New York State Sends Mixed Signals on Tobacco Use Finds New American Lung Association Report
2018 ‘State of Tobacco Control’ report finds New York State lawmakers must do more to protect youth from tobacco use, ensure all Americans benefit from progress
(January 24, 2018) - NEW YORK
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The American Lung Association’s 2018 “State of Tobacco Control” shows New York State earned mixed grades on its tobacco policies. The 16th annual report grades states and the federal government on policies proven to prevent and reduce tobacco use, and finds that while New York has taken significant steps to reduce tobacco use, including the recent inclusion of electronic cigarettes in the state’s Clean Indoor Air Act, elected officials must do more to fight tobacco use disparities by increasing funding to the Tobacco Control Program.
“Nationwide, smoking rates have continued to decline to historically low levels, yet tobacco use remains the nation’s leading cause of preventable death and disease killing over 480,000 Americans each year,” said Jeff Seyler, Executive Vice President, Northeast Region of the American Lung Association. “Tobacco use is a serious addiction, and the fact that 15 percent of adults and 25 percent of high schoolers in New York are using tobacco products highlights how much work remains to be done in our communities to prevent and reduce tobacco use.”
This year’s “State of Tobacco Control” finds New York’s inconsistent grades show that progress is a moving target and, as Governor Cuomo and the state legislature continue to review and amend the newly proposed state budget, they should prioritize proven policies that will reduce tobacco use and save lives:
- Funding for State Tobacco Prevention Programs – Grade F
- Strength of Smokefree Workplace Laws - Grade A
- Level of State Tobacco Taxes - Grade B
- Coverage and Access to Services to Quit Tobacco - Grade C
- Minimum Age of Sale for Tobacco Products to 21 – Grade D
Despite the mixed report card, the American Lung Association in New York applauds state and local lawmakers on several important wins in 2017, including, leading the charge to include electronic cigarettes in smokefree air laws. On a local level, over 57% of the state is now covered by Tobacco 21 laws through local municipalities, and Rockland County became the first county in New York State to prohibit the sale of tobacco in pharmacies. In New York City, advocates hailed a comprehensive tobacco control package, signed by Mayor de Blasio that prohibited the sale of tobacco in pharmacies, reduced the number of tobacco licenses available to retailers, increased the minimum price of tobacco products and expanded smokefree housing.
Celebrated local progress in 2017 helped to highlight gaps in state policy. The American Lung Association urges Governor Cuomo to pass a comprehensive, statewide law to raise the age of sale for all tobacco products to 21. A statewide tobacco 21 law would help to minimize disparities between communities and protect youths across the state. Close to 95 percent of smokers try their first cigarette before the age of 21, and Tobacco 21 laws could be a powerful tool in reducing youth smoking rates. In fact, the National Academy of Medicine (formerly the Institute of Medicine) found increasing the minimum age of sale for all tobacco products to 21 could prevent 223,000 deaths among people born between 2000 and 2019, including 50,000 fewer dying from lung cancer – the nation’s leading cancer killer.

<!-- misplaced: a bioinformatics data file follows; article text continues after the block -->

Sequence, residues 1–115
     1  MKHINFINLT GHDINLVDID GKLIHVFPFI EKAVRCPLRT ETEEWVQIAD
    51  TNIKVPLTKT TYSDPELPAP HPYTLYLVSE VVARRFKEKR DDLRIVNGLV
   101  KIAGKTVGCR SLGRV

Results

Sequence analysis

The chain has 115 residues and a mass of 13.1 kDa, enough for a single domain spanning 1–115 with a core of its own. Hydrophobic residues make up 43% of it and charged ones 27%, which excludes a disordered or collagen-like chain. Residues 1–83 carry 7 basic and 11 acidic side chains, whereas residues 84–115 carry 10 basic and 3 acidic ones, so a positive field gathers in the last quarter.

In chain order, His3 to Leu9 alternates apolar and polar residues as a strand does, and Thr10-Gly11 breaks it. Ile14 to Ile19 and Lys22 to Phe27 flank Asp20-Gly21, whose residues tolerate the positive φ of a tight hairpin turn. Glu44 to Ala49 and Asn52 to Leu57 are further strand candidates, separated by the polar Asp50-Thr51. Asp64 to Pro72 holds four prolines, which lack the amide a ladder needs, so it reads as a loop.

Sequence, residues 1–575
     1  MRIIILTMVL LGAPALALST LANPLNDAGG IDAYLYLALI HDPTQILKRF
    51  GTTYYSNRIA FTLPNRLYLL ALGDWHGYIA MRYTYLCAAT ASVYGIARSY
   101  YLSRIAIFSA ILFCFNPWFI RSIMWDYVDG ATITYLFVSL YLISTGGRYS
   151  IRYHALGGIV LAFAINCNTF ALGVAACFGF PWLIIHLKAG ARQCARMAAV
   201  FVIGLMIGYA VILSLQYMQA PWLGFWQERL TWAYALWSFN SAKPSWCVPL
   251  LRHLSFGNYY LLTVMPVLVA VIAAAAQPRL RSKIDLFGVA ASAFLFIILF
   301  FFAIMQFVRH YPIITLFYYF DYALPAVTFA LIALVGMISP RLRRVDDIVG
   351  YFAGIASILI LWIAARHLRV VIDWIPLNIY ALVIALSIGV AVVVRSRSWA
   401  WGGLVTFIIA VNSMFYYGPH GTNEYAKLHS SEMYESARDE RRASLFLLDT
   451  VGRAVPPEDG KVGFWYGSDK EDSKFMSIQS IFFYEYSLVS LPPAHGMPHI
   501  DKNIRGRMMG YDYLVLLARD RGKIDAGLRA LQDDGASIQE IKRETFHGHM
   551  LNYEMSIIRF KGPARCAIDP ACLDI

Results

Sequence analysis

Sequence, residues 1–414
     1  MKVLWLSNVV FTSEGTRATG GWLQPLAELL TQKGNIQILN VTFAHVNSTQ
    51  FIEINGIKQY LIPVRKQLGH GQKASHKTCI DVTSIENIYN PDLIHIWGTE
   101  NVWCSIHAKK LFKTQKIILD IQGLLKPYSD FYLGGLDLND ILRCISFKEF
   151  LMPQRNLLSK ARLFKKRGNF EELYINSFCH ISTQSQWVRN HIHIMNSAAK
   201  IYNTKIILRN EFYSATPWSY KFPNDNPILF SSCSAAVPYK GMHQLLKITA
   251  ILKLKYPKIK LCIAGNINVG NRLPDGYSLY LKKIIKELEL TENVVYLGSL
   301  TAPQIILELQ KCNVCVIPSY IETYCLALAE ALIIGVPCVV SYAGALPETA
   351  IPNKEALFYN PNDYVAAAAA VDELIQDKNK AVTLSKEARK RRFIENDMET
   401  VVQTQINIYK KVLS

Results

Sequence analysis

Sadly, the report also details that as a result of decades of targeted marketing by the tobacco industry, too many Americans haven’t seen the benefits of reduced smoking rates, and New York and the federal government could do more to ensure all Americans benefit from tobacco control efforts. According to the American Lung Association, if New York would increase funding for tobacco control programs, they would have a powerful opportunity to focus on communities that still use tobacco at higher rates and who have been targeted by the tobacco industry. New York receives over $ 2 billion annually from tobacco settlement payments and tobacco taxes, and should use more of these funds to help prevent tobacco use and help smokers quit. The program is currently funded at $39 million, only 20 percent of the $203 million recommended by the CDC.
“New York state has been a leader on some issues, while turning a blind eye to others. Over 28,000 New Yorkers a year die from tobacco-caused illnesses and over 10,600 New York kids will become smokers this year – so there is still work to do,” said Kristina Wieneke, Director of Public Policy for the American Lung Association in New York. “The bottom line is that we know how to reduce tobacco use in this country, New York’s elected officials must act to implement these proven policies, which will prevent tobacco-caused death and disease, and help keep our lungs healthy.”
For media interested in speaking with an expert about the “State of Tobacco Control” report, lung health, tobacco use and tobacco control policies, contact the American Lung Association at [email protected] or 516-680-8927.
About the American Lung Association
The American Lung Association is the leading organization working to save lives by improving lung health and preventing lung disease, through research, education and advocacy. The work of the American Lung Association is focused on four strategic imperatives: to defeat lung cancer; to improve the air we breathe; to reduce the burden of lung disease on individuals and their families; and to eliminate tobacco use and tobacco-related diseases. For more information about the American Lung Association, a holder of the coveted 4-star rating from Charity Navigator and a Gold-Level GuideStar Member, or to support the work it does, call 1-800-LUNGUSA (1-800-586-4872) or visit: Lung.org.
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